Legends of the fall

Wondering just how legendary you really are? Find out instantly, just like Phil Spector!

Published February 8, 2003 9:00PM (EST)

Want to hear what people will say about you when you're dead? Just commit a felony. There's no quicker or easier way to get all your high-profile colleagues to paint your creative career in the glowing terms that it deserves.

Unlike obituaries, which can seem downright cruel in their exultant prose after the fact, post-crime reaction pieces afford the celebrity a breathtaking glimpse at his own immortality.

But will friends and colleagues get into the specifics of your successes, giving you credit for everything from toppling the Berlin Wall to making curly fries widely available in the Third World? Or will they ramble on about your recent sobriety and relative emotional stability in ways that cast a harsh light on your checkered past as a gun-totin', substance-abusin' loner?

If, like Phil Spector, for several decades now you've enjoyed the freedom afforded by massive wealth and celebrity to lose your doughnuts, they'll do both.

In an article written just after Spector was arrested Monday morning for the suspected murder of actress Lana Clarkson, found dead in the foyer of his Los Angeles-area mansion, the L.A. Times gushed that Spector's "music was infused with a shimmering magic and an orchestral bombast that made it jump out of the radio." In the same article, Robbie Robertson claimed that Spector's unique sound "changed Brian Wilson and the Beach Boys' lives in terms of how to make records. It changed the Beatles' lives."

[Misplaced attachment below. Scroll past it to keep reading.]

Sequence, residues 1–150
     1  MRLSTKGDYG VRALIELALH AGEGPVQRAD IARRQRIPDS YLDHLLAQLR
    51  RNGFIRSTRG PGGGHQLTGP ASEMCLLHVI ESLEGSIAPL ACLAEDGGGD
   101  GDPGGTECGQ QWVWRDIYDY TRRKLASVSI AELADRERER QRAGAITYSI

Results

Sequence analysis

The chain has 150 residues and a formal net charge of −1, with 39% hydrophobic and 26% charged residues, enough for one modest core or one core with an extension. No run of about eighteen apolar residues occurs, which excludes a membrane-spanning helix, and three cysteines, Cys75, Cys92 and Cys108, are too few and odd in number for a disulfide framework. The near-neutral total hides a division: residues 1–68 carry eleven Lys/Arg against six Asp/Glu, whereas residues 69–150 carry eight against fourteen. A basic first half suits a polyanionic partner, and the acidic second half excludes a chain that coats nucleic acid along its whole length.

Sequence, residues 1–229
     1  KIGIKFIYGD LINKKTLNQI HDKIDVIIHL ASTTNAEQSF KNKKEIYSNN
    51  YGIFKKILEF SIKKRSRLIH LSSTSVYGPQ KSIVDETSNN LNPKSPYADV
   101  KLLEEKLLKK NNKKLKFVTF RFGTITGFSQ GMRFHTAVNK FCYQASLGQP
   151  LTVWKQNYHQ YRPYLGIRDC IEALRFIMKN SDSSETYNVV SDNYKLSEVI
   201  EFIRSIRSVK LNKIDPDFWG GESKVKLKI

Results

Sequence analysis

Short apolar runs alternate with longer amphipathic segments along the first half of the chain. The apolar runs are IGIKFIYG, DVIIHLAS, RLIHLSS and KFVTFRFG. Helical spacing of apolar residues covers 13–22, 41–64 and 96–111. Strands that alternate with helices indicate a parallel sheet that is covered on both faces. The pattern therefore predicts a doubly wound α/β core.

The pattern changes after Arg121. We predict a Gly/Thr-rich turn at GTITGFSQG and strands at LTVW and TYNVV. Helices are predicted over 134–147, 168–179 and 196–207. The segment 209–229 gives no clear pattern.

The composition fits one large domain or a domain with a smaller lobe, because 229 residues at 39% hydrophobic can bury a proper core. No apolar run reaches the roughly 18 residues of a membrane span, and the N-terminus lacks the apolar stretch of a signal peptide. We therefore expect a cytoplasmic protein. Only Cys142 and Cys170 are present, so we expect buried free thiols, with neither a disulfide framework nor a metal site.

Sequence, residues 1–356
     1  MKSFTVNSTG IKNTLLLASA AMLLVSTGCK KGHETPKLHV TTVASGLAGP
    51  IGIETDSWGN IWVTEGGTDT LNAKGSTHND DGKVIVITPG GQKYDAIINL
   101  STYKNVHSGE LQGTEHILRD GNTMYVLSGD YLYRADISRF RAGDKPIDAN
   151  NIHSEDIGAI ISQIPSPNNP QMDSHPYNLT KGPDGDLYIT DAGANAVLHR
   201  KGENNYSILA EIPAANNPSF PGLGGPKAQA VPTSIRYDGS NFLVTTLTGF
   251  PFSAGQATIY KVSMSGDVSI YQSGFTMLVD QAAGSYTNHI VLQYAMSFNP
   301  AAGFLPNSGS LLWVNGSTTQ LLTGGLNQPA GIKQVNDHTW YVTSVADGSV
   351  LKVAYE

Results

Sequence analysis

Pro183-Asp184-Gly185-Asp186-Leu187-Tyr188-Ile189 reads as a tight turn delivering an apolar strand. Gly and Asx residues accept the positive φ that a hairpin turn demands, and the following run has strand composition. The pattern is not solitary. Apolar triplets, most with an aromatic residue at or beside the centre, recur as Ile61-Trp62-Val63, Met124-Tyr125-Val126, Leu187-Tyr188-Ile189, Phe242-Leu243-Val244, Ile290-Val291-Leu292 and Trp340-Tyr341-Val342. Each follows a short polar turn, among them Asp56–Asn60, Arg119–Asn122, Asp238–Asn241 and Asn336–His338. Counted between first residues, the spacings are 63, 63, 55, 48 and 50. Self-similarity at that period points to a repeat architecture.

MTV's Kurt Loder took such praise a step further, stating that no one "has changed the sound of popular music as much as Phil Spector did" and calling him "one of the great creators of rock 'n' roll music."

But such high praise inevitably foreshadows the coming storm. Loder also described Spector as "an increasingly odd and isolated character." Elsewhere, the anecdotes of odd or creepy behavior were emerging: the observed psychological disorders, the alleged brandishing of firearms during sessions with the Ramones and John Lennon, the name-calling, the countless nanny-nanny boo-boos, gathering dust for years, waiting for just such a glorious I-told-you-so moment. "I never met anybody [else] like him and I hope I never do," Dee Dee Ramone once said of Spector. Reuters pronounced him "The Orson Welles of Rock." Spector himself told London's Daily Telegraph, "I have a bipolar personality ... I am my own worst enemy."

But the really damaging stories always come from the exes -- even if they have to be dredged up from 20-year-old documentaries. According to Loder, ex-wife Veronica Bennett suggested in a 1983 Channel 4 documentary that Spector's behavior may have been influenced by his press: "I think Phil was a very normal person at the beginning of his career. But as time went on, they started writing about him being a genius. And he said, 'Yeah, I am a genius.' And then they would say, 'He's the mad genius.' And so he became the mad genius."

With such a muddled mess of opinions floating around, it's easy to forget that this is only the beginning of the media dog-pile. Once new evidence arises, or, if Spector is found guilty, an even darker picture should emerge. Celebrities like Robert Blake and O.J. Simpson have demonstrated that, once that verdict comes in (or even beforehand), friends will start to recall a darker, uglier you than ever before.